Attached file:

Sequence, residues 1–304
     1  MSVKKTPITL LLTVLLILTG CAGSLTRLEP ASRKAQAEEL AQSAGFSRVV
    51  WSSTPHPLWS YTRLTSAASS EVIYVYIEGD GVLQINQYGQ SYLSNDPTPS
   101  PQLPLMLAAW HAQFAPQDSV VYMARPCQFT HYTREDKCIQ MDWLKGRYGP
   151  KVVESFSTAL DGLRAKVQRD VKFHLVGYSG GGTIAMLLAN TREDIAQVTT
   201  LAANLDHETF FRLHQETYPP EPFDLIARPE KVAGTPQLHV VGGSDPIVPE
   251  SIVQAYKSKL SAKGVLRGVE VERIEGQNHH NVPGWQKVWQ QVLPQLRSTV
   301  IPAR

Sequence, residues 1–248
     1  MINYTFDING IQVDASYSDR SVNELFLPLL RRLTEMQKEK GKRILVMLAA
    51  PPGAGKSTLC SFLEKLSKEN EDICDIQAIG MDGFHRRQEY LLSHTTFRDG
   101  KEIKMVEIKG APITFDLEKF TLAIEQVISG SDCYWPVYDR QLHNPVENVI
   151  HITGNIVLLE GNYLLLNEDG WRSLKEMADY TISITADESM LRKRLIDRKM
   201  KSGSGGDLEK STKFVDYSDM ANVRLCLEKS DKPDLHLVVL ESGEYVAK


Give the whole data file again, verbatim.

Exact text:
Sequence, residues 1–304
     1  MSVKKTPITL LLTVLLILTG CAGSLTRLEP ASRKAQAEEL AQSAGFSRVV
    51  WSSTPHPLWS YTRLTSAASS EVIYVYIEGD GVLQINQYGQ SYLSNDPTPS
   101  PQLPLMLAAW HAQFAPQDSV VYMARPCQFT HYTREDKCIQ MDWLKGRYGP
   151  KVVESFSTAL DGLRAKVQRD VKFHLVGYSG GGTIAMLLAN TREDIAQVTT
   201  LAANLDHETF FRLHQETYPP EPFDLIARPE KVAGTPQLHV VGGSDPIVPE
   251  SIVQAYKSKL SAKGVLRGVE VERIEGQNHH NVPGWQKVWQ QVLPQLRSTV
   301  IPAR

Sequence, residues 1–248
     1  MINYTFDING IQVDASYSDR SVNELFLPLL RRLTEMQKEK GKRILVMLAA
    51  PPGAGKSTLC SFLEKLSKEN EDICDIQAIG MDGFHRRQEY LLSHTTFRDG
   101  KEIKMVEIKG APITFDLEKF TLAIEQVISG SDCYWPVYDR QLHNPVENVI
   151  HITGNIVLLE GNYLLLNEDG WRSLKEMADY TISITADESM LRKRLIDRKM
   201  KSGSGGDLEK STKFVDYSDM ANVRLCLEKS DKPDLHLVVL ESGEYVAK